As per instructions I have been biking my butt off since April 1st for 30 Days of Biking. This has resulted in less photography and writing, much to my chagrin. I have also started baking one day a week for a local expat run bakery so between baking and biking my frazzled short-term memory has been lacking in the eloquence department.
I would like to share a few biking adventures I have had this week. On Monday I set out with a few biking buddies to the touristy night market for an avocado milk (don’t knock it until you try it, it has this amazing custard in it.) Then we rode over to the National Sun-Yatsen University campus to watch ships go by Cijian Island into the canal. While riding home a cat-sized animal surprised me along the dock, it looked a little like a raccoon and it made me research a little to see what it might be. I am guessing coatimundi right now.
On Tuesday I rode over to another night market with my roommate. The juice bar there had some interesting options, particularly the one that offered Japanese potatoes (to help you have larger breasts as a woman.) I opted for some pineapple-kiwi juice in stead.
This past Wednesday as usual I only had two hours of class to teach so I took my camera to work and took an alternate route back. It is unique for me to not be teaching in school at 4 p.m. so I reveled in the daylight and activities taking place I would not ordinarily have the pleasure of seeing.
Sunset over a dangerously large truck for these size roads.
This lady either wants a lot of watermelons or a really big cabbage.
Over in the Yancheng District near Shoushan (Monkey Mountain) there are many temples and a few pineapple carts as well.
Root vegetables for sale roadside: sweet potato, ginger and taro from the looks of it.
The middle school students, especially the boys often cruise home by bike after school.
A middle school and elementary school let out at 4 p.m. and the entire area is swamped with children going home.
This is the school or buxiban I teach English at in the Sanmin District.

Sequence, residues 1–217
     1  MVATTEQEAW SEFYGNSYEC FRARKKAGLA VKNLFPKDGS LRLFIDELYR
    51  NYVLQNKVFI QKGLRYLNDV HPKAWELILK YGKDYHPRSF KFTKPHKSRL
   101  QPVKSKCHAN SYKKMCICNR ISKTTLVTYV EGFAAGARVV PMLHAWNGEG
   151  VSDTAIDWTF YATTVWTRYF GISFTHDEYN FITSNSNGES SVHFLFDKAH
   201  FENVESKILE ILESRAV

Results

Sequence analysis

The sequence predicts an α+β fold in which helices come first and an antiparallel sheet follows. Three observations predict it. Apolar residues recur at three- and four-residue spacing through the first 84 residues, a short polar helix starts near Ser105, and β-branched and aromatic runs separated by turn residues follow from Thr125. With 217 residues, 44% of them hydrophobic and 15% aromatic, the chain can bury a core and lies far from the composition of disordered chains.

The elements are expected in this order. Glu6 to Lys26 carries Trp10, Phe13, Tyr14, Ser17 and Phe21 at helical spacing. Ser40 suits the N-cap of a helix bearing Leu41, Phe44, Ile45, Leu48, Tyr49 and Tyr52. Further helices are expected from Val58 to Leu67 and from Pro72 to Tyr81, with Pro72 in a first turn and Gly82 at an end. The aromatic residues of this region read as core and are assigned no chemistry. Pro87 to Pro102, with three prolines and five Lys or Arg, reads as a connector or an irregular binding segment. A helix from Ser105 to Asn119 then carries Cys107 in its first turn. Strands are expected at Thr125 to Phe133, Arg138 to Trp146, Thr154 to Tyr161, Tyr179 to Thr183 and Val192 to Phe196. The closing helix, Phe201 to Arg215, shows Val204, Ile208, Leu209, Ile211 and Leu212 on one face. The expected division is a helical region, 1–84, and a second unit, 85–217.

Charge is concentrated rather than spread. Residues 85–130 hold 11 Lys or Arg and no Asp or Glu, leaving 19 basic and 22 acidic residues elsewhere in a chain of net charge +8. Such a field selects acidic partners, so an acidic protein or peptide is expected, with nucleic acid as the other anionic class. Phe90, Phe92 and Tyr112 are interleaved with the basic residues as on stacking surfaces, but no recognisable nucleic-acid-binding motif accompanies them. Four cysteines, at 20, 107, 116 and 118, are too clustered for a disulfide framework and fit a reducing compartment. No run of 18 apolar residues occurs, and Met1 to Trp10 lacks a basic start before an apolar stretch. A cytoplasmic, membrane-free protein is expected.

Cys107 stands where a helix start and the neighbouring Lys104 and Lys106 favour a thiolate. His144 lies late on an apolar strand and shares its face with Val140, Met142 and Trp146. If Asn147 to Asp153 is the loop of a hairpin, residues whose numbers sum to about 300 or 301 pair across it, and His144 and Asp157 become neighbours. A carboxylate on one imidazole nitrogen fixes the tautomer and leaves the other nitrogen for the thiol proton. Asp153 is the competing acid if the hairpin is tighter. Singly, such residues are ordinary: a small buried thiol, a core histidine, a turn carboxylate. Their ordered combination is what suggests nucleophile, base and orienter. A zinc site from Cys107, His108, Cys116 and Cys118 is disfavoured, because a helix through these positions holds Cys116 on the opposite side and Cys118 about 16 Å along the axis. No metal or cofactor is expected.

Up north in the Zouying District I saw these Taiwanese grandparents playing croquet in the park.
On Monday night it is hard to convince anyone to get off the couch, but with the assistance of my stalwart roommates I ventured to Jin-Zuan Night Market. Kai-Xuan, as someone was kind to point out is the largest night market, then Jin-Zuan is the second largest Kaohsiung night market right next door selling pretty much the same experience.
Here you can play darts and by hitting the balloons. If you hit enough you are eligible for an additional prize of a stuffed animal displayed nearby.
Meanwhile at the fishing pond several young mothers “catch” fish with well bundled children. The temperature here in the winter is around 70 degrees Fahrenheit (21 degrees Celsius.)
Above is a hot pot station. Many Taiwanese apartments have minimalist kitchens and I think this is one reason there are many popular restaurant options to cook your own meal. At hot pot the server will bring you your broth and you can request the meat, seafood, vegetables or mushrooms you would like to put in.
A small gambling table, it looks like mahjong tiles but I am still unfamiliar with many of the gambling options.
On the left is a woman working at a fruit milk stand. In Taiwan there are many options to flavor your milk with watermelon, papaya, strawberries or apple juice. My personal favorite is the avocado milk where they add custard to make it even more creamy and decadent. On the right a couple is throwing rings, in the event one goes over a bottle they can pick a prize in that line of bottles.
The stalls stretch on for about a city block, but not all of them are open to all hours. By ten o’clock in the evening many of the clothing and food stalls will have shut down for the night.